When I left the United States over three years ago I was at first made of stone. I was so eager to get out that I didn’t realize all that I was leaving behind me for three years. I have missed weddings, the births of two of my best friends babies, birthdays, wedding anniversaries and the many, many family trips that my family decided to plan yearly only during the years I was abroad. My mother moved in with her boyfriend. Both my parents has surgery. All of these are memories of happenings that really didn’t happened to me.
Instead of all these memories that didn’t happen to me, I have a whole new set of memories that did happen to me while I was in Mozambique. I have seen deserted islands, farmer fields, reed houses, rains, not much while at the oh-so-frequent power outages, bonfires at the beach, bonfires in the middle of classrooms, a student punching a teacher, political turmoil, fallen bridges, flooded houses, found great friends, went to the Mosque, learned about Islam, loved and lost. All of these memories are now a part of the fabric that makes me. I have eaten with my hands, tried all sorts of foods, laughed, danced, traveled, seen countless species of animals, traveled by boats, trucks, buses, small airplanes, big airplanes. I can’t even start to think that all of these things will soon make up the great memory of my time as a Peace Corps volunteer. They will all probably melt into one, big happy memory that I will forever have.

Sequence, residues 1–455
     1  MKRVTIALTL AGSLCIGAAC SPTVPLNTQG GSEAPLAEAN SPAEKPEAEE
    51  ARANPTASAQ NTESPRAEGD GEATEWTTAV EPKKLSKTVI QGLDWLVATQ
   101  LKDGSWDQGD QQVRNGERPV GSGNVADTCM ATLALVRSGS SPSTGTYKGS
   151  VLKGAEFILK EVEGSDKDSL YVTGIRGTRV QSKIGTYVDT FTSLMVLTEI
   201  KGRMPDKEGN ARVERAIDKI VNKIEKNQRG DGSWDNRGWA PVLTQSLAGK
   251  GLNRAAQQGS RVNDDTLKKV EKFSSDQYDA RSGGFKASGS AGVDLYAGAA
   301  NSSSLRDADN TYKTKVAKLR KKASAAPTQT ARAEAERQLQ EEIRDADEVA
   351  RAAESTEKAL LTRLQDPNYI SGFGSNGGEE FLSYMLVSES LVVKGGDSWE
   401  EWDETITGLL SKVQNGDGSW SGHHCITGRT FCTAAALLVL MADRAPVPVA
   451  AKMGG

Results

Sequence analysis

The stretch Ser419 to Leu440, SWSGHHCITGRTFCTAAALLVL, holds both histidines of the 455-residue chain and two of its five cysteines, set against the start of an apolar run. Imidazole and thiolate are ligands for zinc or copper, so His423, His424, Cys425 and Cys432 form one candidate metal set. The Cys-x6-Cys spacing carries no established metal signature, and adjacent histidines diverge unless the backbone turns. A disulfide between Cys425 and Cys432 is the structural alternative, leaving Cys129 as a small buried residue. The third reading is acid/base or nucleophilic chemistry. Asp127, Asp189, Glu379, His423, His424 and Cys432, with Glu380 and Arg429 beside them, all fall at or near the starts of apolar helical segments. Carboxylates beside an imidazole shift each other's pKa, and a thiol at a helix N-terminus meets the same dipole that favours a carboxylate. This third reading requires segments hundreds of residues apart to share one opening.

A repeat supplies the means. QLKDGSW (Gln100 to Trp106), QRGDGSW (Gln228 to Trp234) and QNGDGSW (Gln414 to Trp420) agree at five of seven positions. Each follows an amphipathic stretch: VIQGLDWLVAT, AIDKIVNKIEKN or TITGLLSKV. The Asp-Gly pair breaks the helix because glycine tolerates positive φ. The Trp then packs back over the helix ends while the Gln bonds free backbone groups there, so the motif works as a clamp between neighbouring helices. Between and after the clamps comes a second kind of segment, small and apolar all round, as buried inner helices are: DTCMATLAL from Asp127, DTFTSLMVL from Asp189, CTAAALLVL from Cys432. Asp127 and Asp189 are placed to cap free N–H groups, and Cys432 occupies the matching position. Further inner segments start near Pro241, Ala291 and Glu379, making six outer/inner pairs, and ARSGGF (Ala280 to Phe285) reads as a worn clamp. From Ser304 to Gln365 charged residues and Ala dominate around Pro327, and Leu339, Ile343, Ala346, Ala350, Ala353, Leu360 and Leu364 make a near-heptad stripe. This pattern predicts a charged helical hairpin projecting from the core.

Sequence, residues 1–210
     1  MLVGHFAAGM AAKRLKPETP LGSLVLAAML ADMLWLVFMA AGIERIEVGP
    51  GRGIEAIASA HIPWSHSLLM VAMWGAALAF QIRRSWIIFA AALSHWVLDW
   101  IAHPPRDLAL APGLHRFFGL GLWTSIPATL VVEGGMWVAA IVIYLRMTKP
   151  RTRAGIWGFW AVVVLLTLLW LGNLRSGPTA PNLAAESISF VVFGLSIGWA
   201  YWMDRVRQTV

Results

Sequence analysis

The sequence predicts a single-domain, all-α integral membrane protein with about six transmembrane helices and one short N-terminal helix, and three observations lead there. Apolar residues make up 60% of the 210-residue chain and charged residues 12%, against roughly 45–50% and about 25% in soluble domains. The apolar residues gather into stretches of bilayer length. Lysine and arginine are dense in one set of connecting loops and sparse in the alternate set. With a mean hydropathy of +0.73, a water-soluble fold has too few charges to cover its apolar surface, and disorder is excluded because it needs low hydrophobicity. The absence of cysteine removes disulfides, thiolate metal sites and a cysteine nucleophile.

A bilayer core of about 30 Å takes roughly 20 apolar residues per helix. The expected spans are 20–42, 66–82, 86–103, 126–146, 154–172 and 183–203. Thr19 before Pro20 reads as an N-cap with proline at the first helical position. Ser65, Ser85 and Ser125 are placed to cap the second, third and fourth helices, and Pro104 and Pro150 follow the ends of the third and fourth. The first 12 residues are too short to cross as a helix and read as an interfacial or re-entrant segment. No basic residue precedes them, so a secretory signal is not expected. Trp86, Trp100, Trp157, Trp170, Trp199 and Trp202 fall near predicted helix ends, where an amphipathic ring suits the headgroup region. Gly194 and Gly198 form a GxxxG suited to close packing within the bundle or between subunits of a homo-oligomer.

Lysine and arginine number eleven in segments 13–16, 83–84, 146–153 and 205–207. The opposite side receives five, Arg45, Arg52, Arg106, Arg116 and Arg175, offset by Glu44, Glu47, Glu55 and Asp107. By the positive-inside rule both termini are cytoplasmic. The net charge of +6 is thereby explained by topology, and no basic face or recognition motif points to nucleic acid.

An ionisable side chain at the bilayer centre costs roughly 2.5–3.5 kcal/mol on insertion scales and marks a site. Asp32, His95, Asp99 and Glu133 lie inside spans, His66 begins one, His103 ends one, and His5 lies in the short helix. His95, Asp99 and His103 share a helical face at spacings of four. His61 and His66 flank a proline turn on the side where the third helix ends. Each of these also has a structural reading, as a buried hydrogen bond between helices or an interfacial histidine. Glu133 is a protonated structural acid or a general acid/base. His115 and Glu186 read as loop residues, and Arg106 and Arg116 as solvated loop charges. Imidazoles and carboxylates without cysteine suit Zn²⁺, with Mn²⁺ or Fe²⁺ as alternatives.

Forgetting is my main fear. I don’t want to lose track of the names and faces of the people who call me their friend here. Suaibo, Xirikaka, Amiga, China, Americana, Macunha or whatever else. I am already having trouble sleeping because I keep forgetting the names to the faces of some people, and then find myself going through my phone looking for the names. Isaias, Hilario. Silly me, forgetting already.
And then there’s Angoche.
I have lived in what can only be described as paradise for the past three years. I shared this place for two of those years with my dear friend Anneke. I have also made so many friends here. They still all call me teacher, even though I haven’t been one in a year. They always reprimand me for being sumida. They bring produce to my house when it is plentiful, and many times ask for money in the not-so-plentiful days. They tell me that I can’t leave my familia behind. As I was peeling potatoes for about two hours with one of my friends, I realized I am as close as I can get to being a local in Angoche. Still, she kept making fun of my potato-peeling methods, but whatever.
So here are some of the faces that have made my life better here. I beg never to forget about them. To always remember them.